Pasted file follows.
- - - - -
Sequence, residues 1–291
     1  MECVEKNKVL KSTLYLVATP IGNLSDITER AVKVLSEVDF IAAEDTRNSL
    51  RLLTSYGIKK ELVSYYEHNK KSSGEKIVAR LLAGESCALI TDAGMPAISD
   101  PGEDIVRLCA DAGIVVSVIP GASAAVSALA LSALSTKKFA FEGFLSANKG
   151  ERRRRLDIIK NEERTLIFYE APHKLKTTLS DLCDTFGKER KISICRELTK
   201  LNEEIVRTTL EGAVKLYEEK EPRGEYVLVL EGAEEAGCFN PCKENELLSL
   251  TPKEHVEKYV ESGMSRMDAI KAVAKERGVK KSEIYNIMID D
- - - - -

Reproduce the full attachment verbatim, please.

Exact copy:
Sequence, residues 1–291
     1  MECVEKNKVL KSTLYLVATP IGNLSDITER AVKVLSEVDF IAAEDTRNSL
    51  RLLTSYGIKK ELVSYYEHNK KSSGEKIVAR LLAGESCALI TDAGMPAISD
   101  PGEDIVRLCA DAGIVVSVIP GASAAVSALA LSALSTKKFA FEGFLSANKG
   151  ERRRRLDIIK NEERTLIFYE APHKLKTTLS DLCDTFGKER KISICRELTK
   201  LNEEIVRTTL EGAVKLYEEK EPRGEYVLVL EGAEEAGCFN PCKENELLSL
   251  TPKEHVEKYV ESGMSRMDAI KAVAKERGVK KSEIYNIMID D